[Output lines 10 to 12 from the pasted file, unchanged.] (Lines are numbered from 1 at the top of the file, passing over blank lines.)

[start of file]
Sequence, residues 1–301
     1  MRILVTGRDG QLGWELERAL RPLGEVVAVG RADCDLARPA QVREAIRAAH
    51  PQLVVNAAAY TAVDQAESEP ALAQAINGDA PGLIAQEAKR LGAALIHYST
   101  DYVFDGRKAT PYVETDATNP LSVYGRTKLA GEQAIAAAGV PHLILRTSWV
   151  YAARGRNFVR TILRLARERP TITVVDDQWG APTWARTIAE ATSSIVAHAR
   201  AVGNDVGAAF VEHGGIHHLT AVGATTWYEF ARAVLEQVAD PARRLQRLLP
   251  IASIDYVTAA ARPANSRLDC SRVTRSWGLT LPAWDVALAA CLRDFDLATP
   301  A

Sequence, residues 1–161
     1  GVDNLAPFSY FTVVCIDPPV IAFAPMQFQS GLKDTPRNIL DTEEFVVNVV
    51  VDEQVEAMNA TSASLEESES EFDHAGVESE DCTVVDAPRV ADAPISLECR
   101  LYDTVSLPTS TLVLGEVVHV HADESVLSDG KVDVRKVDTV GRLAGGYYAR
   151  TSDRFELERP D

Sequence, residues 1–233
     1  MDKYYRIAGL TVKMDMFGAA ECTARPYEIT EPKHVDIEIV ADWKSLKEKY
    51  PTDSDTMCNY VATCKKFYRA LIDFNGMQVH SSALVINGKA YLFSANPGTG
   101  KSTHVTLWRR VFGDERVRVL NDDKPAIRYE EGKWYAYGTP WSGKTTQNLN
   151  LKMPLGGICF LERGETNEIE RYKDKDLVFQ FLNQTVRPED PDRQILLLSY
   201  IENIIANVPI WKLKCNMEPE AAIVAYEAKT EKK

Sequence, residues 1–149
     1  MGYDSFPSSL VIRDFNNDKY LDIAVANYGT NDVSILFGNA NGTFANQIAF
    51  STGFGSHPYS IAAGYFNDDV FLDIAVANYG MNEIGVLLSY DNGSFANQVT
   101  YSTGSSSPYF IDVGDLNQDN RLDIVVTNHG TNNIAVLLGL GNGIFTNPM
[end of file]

     1  GVDNLAPFSY FTVVCIDPPV IAFAPMQFQS GLKDTPRNIL DTEEFVVNVV
    51  VDEQVEAMNA TSASLEESES EFDHAGVESE DCTVVDAPRV ADAPISLECR
   101  LYDTVSLPTS TLVLGEVVHV HADESVLSDG KVDVRKVDTV GRLAGGYYAR